The eight cardinal directions resonated with the sound of ‘Namah Shivay’, high in the cold environs of the Mount Kailash, the land of the Gods, the ‘Devbhumi’. No one sang it; no singing was necessary; nature herself sang praise to her lord, the Mahadev, the master of all realms. Near the very top of the mountain, on a stone platform, in front of a cave hewn out of the frozen rock face of the mountain, sat a very tall and fair Yogi. His eyes half closed, a gentle smile playing on his lips, the center of his forehead glowing a soft crimson, his handsome face framed with matted locks, strewn about his head like angry serpents, the Mahayogi sat on the Kailash surrounded by his ‘ganas’, or followers, and made a benevolent pose with his hands, the Abhaya Mudra! He was pleased!
His ganas, dressed in fearful attires, looked on amusedly at the ascetic who lay prostrated at the feet of Shiva, for that was the name with which the world knew this timeless Yogi who resided on Kailash. Nandi, Shiva’s chief gana, had sought out this ascetic and ushered him in the presence of his lord. He now stood by at a distance, wearing the headdress of a bull, and waited patiently for the man lying on Shiva’s feet to say something. The man was Bhagirath, the Emperor of Bharatvarsh, the land named after his ancestor Bharat.For years he had performed ‘tapa’ or mortification of the self, for pleasing the Gods, to grant him his wish. Years of worshipping the Gods and tormenting his mortal body had made him look less like a King and more like an ascetic.
Bhagirath came from the illustrious Solar line of kings, the Suryavansham. His ancestors before him had carved out a name for them, and were well known around the world for their valor and their benevolent rule. The present line had started from Ikshvaku and included giants like the valiant Prithu, the handsome Mandhata, , the truthful Harishchandra, known all over the world for his righteousness, Trishanku, who had aspired to reach the heavens in his physical form and the great Bharat, after whom the country was named Bharatvarsha, land of Bharat.
Harishchandra’s tales were folklore; he had been reduced to penury by the Gods as a test of his truthfulness, and had been forced to sell off his wife and son in bondage, but had not deterred from the path of truth. The Gods had restored his Kingdom and all his glory to him after his test, and his undying fame had lived on since then.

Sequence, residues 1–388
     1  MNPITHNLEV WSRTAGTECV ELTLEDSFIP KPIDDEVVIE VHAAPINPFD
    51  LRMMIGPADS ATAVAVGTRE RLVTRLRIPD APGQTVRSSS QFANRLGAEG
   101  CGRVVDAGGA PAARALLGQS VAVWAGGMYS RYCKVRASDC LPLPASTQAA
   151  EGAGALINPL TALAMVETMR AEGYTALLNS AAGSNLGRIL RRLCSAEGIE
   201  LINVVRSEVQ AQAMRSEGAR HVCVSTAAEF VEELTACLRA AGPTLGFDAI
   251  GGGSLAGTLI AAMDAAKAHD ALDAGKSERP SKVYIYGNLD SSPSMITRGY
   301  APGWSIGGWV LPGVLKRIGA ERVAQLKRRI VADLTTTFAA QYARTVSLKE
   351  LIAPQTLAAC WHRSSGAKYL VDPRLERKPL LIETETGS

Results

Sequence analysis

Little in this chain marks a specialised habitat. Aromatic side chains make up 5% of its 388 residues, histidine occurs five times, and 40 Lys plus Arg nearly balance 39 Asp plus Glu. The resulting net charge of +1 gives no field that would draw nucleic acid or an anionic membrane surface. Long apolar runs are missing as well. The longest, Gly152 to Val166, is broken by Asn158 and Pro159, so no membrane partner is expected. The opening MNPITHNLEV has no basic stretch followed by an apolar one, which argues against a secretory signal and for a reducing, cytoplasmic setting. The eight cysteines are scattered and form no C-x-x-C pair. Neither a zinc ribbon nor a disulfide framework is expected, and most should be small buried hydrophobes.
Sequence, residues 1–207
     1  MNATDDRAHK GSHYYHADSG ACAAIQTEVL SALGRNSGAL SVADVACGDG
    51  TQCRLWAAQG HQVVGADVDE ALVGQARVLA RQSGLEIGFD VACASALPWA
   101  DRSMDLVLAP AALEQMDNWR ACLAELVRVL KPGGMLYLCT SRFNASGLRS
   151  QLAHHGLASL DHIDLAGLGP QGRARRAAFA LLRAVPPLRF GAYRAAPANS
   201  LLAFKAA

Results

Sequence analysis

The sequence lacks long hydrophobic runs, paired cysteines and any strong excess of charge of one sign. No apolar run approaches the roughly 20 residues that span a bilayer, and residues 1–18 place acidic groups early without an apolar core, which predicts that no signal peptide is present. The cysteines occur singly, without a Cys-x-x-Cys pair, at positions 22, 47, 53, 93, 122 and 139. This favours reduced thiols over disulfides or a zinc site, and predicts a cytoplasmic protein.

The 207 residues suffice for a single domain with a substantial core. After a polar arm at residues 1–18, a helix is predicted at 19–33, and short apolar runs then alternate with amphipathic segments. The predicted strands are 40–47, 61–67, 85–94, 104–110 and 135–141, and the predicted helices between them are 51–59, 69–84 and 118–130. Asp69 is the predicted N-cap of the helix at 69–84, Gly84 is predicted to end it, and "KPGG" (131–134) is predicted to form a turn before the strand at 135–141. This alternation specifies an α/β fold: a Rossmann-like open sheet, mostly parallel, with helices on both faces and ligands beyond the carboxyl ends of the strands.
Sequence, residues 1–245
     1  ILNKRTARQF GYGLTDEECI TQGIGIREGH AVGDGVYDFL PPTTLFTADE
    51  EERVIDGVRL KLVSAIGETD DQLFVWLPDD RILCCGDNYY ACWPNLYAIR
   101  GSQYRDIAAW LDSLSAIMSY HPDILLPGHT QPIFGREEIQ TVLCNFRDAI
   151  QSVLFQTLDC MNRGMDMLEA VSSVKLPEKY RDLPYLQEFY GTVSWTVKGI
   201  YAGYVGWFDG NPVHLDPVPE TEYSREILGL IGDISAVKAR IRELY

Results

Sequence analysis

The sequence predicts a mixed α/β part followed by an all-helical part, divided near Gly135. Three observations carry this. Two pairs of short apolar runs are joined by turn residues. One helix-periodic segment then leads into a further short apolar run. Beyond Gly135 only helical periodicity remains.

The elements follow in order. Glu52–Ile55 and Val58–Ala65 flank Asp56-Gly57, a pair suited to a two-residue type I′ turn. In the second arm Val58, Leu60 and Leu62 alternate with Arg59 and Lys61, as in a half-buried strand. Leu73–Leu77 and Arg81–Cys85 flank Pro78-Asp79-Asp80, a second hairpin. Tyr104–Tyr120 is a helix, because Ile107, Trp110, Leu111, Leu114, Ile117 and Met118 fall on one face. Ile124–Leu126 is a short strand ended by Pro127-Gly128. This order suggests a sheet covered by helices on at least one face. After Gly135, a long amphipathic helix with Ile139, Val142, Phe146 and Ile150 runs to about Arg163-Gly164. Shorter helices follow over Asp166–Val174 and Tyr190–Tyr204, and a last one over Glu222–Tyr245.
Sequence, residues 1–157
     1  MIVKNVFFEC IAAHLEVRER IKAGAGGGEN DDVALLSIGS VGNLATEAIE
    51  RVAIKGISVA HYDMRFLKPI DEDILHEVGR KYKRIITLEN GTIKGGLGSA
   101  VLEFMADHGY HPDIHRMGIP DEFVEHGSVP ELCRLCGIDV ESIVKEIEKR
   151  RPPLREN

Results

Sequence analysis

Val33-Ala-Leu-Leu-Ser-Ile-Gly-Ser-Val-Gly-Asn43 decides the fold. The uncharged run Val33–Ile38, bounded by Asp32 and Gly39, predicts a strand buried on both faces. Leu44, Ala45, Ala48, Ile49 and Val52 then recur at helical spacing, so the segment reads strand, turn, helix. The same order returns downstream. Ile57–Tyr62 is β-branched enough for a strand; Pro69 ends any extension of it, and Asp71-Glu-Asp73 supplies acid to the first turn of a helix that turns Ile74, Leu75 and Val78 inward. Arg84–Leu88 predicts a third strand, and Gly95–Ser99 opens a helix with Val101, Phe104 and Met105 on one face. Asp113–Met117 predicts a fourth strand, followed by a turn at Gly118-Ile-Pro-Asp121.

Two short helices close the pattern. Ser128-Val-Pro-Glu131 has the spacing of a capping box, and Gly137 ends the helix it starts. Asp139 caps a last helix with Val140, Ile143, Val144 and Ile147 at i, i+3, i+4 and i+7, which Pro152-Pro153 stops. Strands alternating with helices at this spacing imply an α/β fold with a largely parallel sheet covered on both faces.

Trishanku, had been obsessed with immortality and reaching the heavens in his human form. He had nearly succeeded when Vishwamitra, the great sage, had promised to help him with his venture. Vishwamitra had raised him to the heavens with his great yogic powers, but the Gods that ruled the heavens had pushed him back from there. Angry at the Gods’ insolence, Vishwamitra had stopped Trishanku’s fall midway between heaven and earth and had designed an entire universe, complete with new constellations, around him, to give him his hallowed status in the skies.
The burden of such great ancestry weighed heavily on Bhagirath’s shoulders, and he had made a solemn vow to undertake the most difficult task known to man till date.
Bhagirath lay still at Shiva’s feet, overcome by tiredness, happiness and devotion. His arms were stretched out in front of him in supplication, nearly reaching the Yogi’s feet but not touching them. Touching the immortal Shiva was impossible, he knew. The ageless Yogi was the powerhouse that kept the world going, it was not possible for any mortal or immortal to touch him. The yogic energy inside that timeless being would be too much for any man, beast or God to bear. He would be reduced to ashes. And so, Bhagirath lay still; wanting to say something to his God, his Mahadev, but not able to muster the courage. The sight of Shiva’s abhaya mudra had given him what even the Gods did not have the fortune of witnessing. He did not want anything more, but still, he had to ask. For the greater good of humanity, he had to ask for something more than what he had just been awarded.
‘Prabhu’, Bhagirath stirred after some time, ‘ I come to you seeking help, to rid my ancestors from the curse of Kapil Muni. I need to perform their last rites for them to be able to take their rightful place among the pitr, the manes. Due to Kapil Muni’s curse, sixty thousand of my ancestors lie reduced to a heap of ashes. Performing their last rites with the heavenly waters of the celestial river Ganga, will release them from their curse and let them ascend to the heavens, as they should. For innumerable years, I have prayed to the grandfather Brahma and have secured his boon that he will ask Ganga to descend to the realm of the mortals for my sake. But the earth will not be able to bear the great pressure of the divine river descending to the earth, and will sink to the nether worlds. The grandfather (Brahma) has asked me to seek your help to sustain the weight of the celestial river. You are the only one who can help with this venture, which will help not only my ancestors but also all the men, women, animals, birds and heavenly creatures for all times to come. O Neelkanth(blue throated one), you saved the world from the dangerous poison, halahal, which issued from the ocean during the great churning, by drinking it and holding it in your throat. Only you have the great strength to sustain the descent of Ganga to earth. Please help me, OAshutosh (one who is easily pleased)!’
Saying so, Bhagirath fell silent, closed his eyes and waited for the Mahayogi to respond…… ……….(To be continued in Part II of III)